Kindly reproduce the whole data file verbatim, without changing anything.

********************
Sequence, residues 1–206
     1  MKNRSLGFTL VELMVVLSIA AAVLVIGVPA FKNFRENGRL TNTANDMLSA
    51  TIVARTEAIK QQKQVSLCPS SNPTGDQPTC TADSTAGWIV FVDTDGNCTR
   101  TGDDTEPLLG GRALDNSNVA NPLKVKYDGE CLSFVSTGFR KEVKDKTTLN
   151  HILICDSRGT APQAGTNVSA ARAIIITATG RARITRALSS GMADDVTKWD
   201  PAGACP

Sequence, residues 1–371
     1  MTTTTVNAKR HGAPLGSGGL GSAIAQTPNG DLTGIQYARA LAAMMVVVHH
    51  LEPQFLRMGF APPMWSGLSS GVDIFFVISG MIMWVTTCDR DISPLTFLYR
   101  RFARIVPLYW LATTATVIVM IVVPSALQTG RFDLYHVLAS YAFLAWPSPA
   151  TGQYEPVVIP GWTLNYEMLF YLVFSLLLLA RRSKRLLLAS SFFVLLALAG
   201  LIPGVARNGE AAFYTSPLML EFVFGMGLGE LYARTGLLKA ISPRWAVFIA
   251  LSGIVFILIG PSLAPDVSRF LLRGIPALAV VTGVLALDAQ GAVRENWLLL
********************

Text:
Sequence, residues 1–206
     1  MKNRSLGFTL VELMVVLSIA AAVLVIGVPA FKNFRENGRL TNTANDMLSA
    51  TIVARTEAIK QQKQVSLCPS SNPTGDQPTC TADSTAGWIV FVDTDGNCTR
   101  TGDDTEPLLG GRALDNSNVA NPLKVKYDGE CLSFVSTGFR KEVKDKTTLN
   151  HILICDSRGT APQAGTNVSA ARAIIITATG RARITRALSS GMADDVTKWD
   201  PAGACP

Sequence, residues 1–371
     1  MTTTTVNAKR HGAPLGSGGL GSAIAQTPNG DLTGIQYARA LAAMMVVVHH
    51  LEPQFLRMGF APPMWSGLSS GVDIFFVISG MIMWVTTCDR DISPLTFLYR
   101  RFARIVPLYW LATTATVIVM IVVPSALQTG RFDLYHVLAS YAFLAWPSPA
   151  TGQYEPVVIP GWTLNYEMLF YLVFSLLLLA RRSKRLLLAS SFFVLLALAG
   201  LIPGVARNGE AAFYTSPLML EFVFGMGLGE LYARTGLLKA ISPRWAVFIA
   251  LSGIVFILIG PSLAPDVSRF LLRGIPALAV VTGVLALDAQ GAVRENWLLL